International efforts at Tech Parks Arizona are being recognized from multiple organizations as University of Arizona’s east-side institution celebrates its 25th anniversary. Additionally, the UA’s Center for Innovation has been awarded a “Soft Landing” designation by the International Business Innovation Association to serve international companies.
“When organizations team up with Tech Parks and UACI, they can be assured that the work will be of high-quality and most likely high-profile,” said associate vice president of Tech Parks Arizona Carol Stewart in a recent email. “Both these international recognitions, the UA Center for Innovation designation for Soft Landings from InBIA and the Economic Excellence awards from [International Economic Development Council], really highlight the caliber and dedication that we put into our business.”
This soft landing generally refers to serving companies from outside the region and assisting them starting up in a new environment by providing resources, education and connections to their new market. According to Stewart, UACI is looking at startups and small- to medium-sized enterprises that have traction in their own markets but are looking to expand their markets into the U.S.
UACI focuses on start-ups and emerging technology companies by providing an incubator space and other resources for companies. A major goal of the center is bringing together business leaders to its Global Advantage Program to attract investment in Southern Arizona on a global scale. The “Soft Landing” designation is a culmination of the incubator’s work since 2004 and also hopefully gives the center greater opportunity for Tucson by being recognized by InBIA as an authority.
“The program that we run is a one month program, where we bring a cohort of international startup companies physically to be there,” said UACI executive director Eric Smith. “For a lot of these companies, internationally, for them to enter the U.S. market is a fairly big milestone, it really opens up a lot of revenue opportunities for them… When they gain traction in their home countries and they're ready to make that leap [to enter the United States] they need support to make that happen.”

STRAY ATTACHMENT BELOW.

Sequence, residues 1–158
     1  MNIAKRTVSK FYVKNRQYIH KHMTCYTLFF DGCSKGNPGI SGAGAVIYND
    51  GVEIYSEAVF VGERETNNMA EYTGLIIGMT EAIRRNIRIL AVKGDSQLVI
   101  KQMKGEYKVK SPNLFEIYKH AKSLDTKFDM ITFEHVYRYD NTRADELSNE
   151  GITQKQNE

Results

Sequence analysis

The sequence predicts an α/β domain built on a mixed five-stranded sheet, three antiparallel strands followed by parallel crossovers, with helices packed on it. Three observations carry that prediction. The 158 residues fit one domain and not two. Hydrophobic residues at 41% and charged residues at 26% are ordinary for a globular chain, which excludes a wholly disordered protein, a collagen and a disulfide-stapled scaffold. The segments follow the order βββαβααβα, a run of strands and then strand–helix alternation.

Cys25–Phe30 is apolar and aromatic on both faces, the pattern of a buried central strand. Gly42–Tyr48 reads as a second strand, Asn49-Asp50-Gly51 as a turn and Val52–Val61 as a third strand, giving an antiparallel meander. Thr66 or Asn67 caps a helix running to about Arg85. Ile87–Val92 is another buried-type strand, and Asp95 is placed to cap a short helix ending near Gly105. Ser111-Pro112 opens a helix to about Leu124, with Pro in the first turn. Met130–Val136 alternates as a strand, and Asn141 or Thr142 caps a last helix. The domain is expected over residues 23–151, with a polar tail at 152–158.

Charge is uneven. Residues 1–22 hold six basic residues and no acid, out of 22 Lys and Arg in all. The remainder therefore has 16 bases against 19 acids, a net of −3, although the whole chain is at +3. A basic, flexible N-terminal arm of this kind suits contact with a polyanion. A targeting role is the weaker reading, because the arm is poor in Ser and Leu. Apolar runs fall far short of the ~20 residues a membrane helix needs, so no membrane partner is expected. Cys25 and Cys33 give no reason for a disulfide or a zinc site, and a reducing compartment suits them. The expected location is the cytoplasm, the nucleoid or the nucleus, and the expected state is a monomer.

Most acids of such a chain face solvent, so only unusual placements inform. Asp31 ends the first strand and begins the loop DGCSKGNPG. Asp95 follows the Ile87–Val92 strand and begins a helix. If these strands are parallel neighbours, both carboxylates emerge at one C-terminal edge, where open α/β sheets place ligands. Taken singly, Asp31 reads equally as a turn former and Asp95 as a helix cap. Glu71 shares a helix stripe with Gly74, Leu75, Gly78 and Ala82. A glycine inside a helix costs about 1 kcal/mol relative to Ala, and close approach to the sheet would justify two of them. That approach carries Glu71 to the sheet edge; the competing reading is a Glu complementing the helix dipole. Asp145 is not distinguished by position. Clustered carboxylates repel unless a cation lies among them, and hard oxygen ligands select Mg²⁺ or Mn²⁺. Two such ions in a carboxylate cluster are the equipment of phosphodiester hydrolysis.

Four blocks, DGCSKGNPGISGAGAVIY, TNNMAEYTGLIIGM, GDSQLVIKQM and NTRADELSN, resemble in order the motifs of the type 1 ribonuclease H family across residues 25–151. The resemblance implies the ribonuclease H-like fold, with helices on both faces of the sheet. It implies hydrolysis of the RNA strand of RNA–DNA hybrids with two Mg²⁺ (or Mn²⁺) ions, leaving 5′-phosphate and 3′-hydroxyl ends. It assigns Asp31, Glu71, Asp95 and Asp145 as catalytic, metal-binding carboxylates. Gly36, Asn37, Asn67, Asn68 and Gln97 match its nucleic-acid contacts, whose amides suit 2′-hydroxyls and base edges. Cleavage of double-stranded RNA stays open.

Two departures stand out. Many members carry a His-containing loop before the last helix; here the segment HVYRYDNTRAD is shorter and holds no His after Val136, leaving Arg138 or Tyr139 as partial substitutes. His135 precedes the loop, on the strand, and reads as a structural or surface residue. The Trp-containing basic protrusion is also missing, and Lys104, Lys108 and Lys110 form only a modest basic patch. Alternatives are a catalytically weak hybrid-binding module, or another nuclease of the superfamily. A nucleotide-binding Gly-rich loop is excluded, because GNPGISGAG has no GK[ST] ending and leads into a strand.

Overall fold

International companies that expand into domestic markets frequently have needs beyond the obvious brick and mortar, it runs the gamut of language and cultural training to everyday tasks such as obtaining someone’s driver’s license and setting up a bank account.
An individual company’s needs when entering the market can also be fairly niche, which is the case for one of UACI’s newest partners, Auxilium Technology Group.
“Our company works in the mining sector, as such, properly addressing a unique value proposition is complicated,” CEO Abraham Jalbout said in a recent email. “UACI has been instrumental in identifying new business opportunities and commercial strategies allowing our company to reach profitability in a more efficient way.”
International companies that the center works with complement local businesses, according to Smith.
“There is no downside in terms of them competing with our local companies,” Stewart said. “There's just the upside that we did from this little bump to our economy. But in addition to that, bringing these startups here actually represents opportunities for other businesses, because these startups need accounting … they need contract management, they need all the things that every other business needs.”
For Tucson’s entrepreneurs wanting to learn more about internationalization and technology the Center for Innovation is partnering with the Tri-National Entrepreneurship Triangle for a Virtual Summit on Nov. 2, 3, 4 and 6. The summit focuses on Canada, France and the United States with a focus on Arizona with several local groups also participating.